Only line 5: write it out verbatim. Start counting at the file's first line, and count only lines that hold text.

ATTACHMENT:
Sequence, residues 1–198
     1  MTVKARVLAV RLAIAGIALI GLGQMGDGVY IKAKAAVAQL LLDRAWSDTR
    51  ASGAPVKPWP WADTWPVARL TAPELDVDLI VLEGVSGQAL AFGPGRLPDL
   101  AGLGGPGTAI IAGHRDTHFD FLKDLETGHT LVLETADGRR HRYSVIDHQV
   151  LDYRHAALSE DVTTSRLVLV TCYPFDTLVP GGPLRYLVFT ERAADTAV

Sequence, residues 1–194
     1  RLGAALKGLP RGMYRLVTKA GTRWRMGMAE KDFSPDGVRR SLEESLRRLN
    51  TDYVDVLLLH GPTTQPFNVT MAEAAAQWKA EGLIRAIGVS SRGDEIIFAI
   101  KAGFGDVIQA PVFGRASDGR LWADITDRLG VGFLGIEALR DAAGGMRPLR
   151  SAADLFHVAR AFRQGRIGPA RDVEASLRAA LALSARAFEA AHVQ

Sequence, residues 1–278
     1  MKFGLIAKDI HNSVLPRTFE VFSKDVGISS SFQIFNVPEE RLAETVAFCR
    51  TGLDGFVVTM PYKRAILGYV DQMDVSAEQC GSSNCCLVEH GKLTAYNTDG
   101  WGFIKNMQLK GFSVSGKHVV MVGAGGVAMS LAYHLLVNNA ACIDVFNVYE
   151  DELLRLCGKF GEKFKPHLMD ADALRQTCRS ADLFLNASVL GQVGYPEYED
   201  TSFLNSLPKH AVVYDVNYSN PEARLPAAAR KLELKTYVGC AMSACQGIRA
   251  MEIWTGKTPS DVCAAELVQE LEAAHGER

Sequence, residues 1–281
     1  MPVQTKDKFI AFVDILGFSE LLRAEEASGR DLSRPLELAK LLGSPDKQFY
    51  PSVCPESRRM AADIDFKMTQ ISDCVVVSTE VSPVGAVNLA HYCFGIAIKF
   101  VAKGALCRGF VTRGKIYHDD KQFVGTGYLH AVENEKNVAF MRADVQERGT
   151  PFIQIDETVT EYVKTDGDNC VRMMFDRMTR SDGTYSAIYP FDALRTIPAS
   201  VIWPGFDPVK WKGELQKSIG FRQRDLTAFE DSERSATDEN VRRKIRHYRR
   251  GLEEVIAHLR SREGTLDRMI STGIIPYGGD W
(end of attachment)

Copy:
   151  LDYRHAALSE DVTTSRLVLV TCYPFDTLVP GGPLRYLVFT ERAADTAV